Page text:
So did Electrabel receive a signal because of this campaign and how big was that signal? It couldn’t be large, because only a couple thousands people signed the petition and some of them might not switch at all or not switch from Electrabel. Could we see the impact in the number of customers that Electrabel lost in the months after the campaign?
I knew that VREG keeps records of energy production/consumption and yes, they also keep record of the market share of energy providers. This is the graph of the market share of Electrabel in 2016:
There is a small decrease in January, then a sharp drop from February until August.
Hey, was there a signal after all???
But then no, the campaign started on January 26, 2016, so the decline in January could never been from this campaign. Even the decline in February could not be from the effects of this campaign either, since it takes at least one month to switch provider. If there is an effect, then I would expect it to become apparent at the earliest somewhere in March. So, did this drop originated from before 2016? Let’s look at the data. If I add two years to the graph, this is the results:
Now we see that the market share of Electrabel is declining already for many years. By the way, this is also mentioned in the FAQ of the campaign page: the market share of Electrabel dropped in five years time from 64% (in 2010) to 42% (in 2015).
Most importantly, there is also a similar drop in the market share around 2014 – 2015. So most likely this drop has other reasons than the campaign, for example customers that want to switch at the beginning of the calendar year? Or a campaign of another provider at the end of the previous year?
Another question I had: how many customers switched in that period? If there weren’t many customers doing the switch, then even a small number of customer switching could send a visible “signal”.
I needed the number of customers that actually made the switch, yet I only had the market share of the providers. Luckily, I found this web page detailing the market share of electricity providers January 2015. It learned me that the number of customers serviced by Electrabel was 1,170,450 in January 2015 with a market share of 43.35%. This allowed me to calculate the total number of customers: exactly 2,700,000 (probably already rounded or an estimate). If I calculate back the customers of Electrabel and put that in a table (assuming the total number of connections stays the same) then I get this:
|Year||Month||Market share (%)||Connections (#)||Difference (#)|
This means that Electrabel lost around 10,530 customers in March 2016 and they lost almost 1 percentage point or 32,138 customers between March and July. With only a couple thousands who claimed that they would switch provider, this is just a neglectable share. There aren’t enough participants to make the difference, even if we assume for the sake of the argument that all the participants actually switched away from Electrabel. If the effect started in March 2016, then it disappears in the mass of customers who left Electrabel for other reasons.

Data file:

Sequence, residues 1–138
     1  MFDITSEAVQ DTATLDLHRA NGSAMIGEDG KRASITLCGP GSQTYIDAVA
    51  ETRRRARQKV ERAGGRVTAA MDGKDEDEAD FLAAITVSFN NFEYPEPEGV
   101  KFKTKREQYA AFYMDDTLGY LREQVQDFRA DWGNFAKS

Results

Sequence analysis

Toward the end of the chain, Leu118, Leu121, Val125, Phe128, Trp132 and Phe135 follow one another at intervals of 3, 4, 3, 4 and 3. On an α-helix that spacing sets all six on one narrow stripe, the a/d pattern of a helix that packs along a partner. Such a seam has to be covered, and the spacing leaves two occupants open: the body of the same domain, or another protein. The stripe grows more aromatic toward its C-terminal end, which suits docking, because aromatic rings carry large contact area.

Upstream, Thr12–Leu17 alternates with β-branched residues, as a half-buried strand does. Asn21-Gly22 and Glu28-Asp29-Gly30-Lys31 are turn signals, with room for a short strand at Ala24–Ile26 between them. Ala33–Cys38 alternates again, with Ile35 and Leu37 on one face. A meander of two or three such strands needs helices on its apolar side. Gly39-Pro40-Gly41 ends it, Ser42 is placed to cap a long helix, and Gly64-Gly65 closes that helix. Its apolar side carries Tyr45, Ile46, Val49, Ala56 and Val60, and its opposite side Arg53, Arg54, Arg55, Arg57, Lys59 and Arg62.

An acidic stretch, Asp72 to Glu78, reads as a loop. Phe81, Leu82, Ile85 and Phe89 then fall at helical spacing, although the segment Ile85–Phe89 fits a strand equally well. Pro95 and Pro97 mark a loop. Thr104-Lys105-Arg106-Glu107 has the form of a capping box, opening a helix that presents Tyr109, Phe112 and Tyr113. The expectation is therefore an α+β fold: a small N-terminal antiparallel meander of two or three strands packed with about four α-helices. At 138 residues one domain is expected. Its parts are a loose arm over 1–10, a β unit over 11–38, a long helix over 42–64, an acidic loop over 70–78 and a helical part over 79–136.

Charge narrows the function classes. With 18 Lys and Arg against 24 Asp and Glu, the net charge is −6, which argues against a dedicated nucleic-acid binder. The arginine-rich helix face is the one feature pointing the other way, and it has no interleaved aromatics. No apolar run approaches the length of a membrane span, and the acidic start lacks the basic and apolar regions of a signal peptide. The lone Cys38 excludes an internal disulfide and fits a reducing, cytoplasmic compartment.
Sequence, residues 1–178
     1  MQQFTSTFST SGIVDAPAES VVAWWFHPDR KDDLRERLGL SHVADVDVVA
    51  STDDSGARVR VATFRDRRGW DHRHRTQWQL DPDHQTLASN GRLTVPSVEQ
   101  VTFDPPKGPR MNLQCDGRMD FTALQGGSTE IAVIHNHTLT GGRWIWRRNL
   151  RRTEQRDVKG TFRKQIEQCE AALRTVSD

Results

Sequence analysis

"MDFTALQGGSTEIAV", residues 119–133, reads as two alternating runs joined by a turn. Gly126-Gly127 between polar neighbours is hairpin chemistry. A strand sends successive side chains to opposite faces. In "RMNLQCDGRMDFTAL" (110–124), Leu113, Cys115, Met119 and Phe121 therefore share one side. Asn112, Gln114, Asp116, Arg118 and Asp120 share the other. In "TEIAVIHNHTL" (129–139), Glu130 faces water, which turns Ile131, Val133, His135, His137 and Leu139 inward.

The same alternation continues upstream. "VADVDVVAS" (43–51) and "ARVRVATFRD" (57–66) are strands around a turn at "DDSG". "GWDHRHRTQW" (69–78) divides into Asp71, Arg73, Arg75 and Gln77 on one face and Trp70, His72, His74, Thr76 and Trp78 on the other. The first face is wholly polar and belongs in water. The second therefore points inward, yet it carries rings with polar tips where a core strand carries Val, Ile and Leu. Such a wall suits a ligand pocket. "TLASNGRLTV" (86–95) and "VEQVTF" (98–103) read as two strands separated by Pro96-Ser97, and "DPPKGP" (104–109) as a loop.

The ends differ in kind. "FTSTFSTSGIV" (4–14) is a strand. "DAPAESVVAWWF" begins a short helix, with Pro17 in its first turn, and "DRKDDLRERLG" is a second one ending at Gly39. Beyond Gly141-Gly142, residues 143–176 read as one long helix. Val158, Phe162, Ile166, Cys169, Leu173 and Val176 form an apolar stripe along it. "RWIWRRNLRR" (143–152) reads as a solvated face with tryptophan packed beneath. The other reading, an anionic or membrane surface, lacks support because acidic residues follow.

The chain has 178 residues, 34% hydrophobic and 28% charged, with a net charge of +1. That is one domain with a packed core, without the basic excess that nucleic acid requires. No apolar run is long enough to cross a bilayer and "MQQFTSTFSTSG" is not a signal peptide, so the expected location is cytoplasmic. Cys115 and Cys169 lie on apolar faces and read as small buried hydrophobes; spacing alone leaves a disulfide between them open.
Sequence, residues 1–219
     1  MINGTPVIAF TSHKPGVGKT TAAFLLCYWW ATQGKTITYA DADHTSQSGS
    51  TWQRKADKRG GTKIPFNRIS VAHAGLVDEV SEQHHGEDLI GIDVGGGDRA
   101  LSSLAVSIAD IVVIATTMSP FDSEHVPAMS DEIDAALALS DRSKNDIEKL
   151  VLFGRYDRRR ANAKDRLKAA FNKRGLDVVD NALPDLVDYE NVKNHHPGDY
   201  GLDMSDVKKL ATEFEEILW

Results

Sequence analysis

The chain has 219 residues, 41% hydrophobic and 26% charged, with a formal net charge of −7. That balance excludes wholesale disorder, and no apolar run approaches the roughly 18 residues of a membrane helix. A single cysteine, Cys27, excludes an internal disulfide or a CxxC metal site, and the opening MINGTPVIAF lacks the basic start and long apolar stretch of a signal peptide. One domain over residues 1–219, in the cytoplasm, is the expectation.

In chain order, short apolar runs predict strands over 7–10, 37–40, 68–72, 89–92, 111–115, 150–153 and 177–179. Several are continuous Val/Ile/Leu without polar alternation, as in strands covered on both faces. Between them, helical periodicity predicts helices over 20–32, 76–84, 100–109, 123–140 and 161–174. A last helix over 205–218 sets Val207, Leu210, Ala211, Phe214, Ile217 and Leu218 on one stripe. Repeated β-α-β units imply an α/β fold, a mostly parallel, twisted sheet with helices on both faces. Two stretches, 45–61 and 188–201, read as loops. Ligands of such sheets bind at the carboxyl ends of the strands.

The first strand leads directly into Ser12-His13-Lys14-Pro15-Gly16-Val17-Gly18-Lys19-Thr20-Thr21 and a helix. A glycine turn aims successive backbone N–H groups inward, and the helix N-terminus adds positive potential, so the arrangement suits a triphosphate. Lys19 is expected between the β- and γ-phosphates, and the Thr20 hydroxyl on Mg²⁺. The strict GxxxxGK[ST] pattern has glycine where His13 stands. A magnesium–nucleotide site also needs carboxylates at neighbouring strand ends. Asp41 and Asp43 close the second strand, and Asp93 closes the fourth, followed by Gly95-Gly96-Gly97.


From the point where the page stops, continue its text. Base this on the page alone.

Then I found a VREG report on the evolution of the electricity and natural gas markets in Belgium. Interestingly, the author(s) of that report also noticed the increased number of provider switches in 2016. The report explained the increased switches in 2016 as the increased competition between new energy providers (in addition to the competition between the traditional providers and newcomers). As expected, the “We close Doel” campaign was not even mentioned.
But what about the jump of customers in August 2016? Engie-Electrabel won a group energy procurement contract and that contract started on August 1, 2016 (when the jump occurred). By the way, the contract concerned delivery of natural gas and “100% green electricity”…
That the market share of Electrabel suddenly jumps because of an offering of “green energy” must hurt for the Flemish Greens. The campaign was based on painting Electrabel as a provider that needed to be left in favor of a green provider, so having to watch that Electrabel regains share with a, ahem, “green” product must be hard.
Concluding, the effect of the campaign was nothing or next to nothing when looking at the customer share of Electrabel. Even if it had some effect, that was canceled out after a couple months. Also our government didn’t reconsider their decision, so probably weren’t impressed by those couple thousand people participating in the campaign.
Was it a bad campaign after all? Well, it depends. If one looks at the actual results, then yes, that result will not impress anyone. It is no wonder that they abandoned their petition and didn’t bother to do the analysis of the results.
On the other hand, they got a couple thousands of email addresses of people that are interested in the subject. Some of them might not been known yet by the Green party, so extra addresses they could send mailings to in their next campaigns or in the running up of the election.
That might not be a bad result of the campaign after all.
Update 1 (December 23, 2017)
The campaign page seems to be (finally) offline:
Do the Flemish greens read this blog after all?
Update 2 (December 25, 2017)
Probably not. They have recycled the campaign into a new campaign with the same name and goal. Therefor they probably terminated the 2016 campaign page.
I like this article because you clearly express the difference between actual results relative to the objective and the appearances. On a global scale, national governments are sought to pledge emissions reductions to “save the planet”, with no checking on the scale of the pledges relative to the target, and no proper monitoring as to whether the pledges will be met.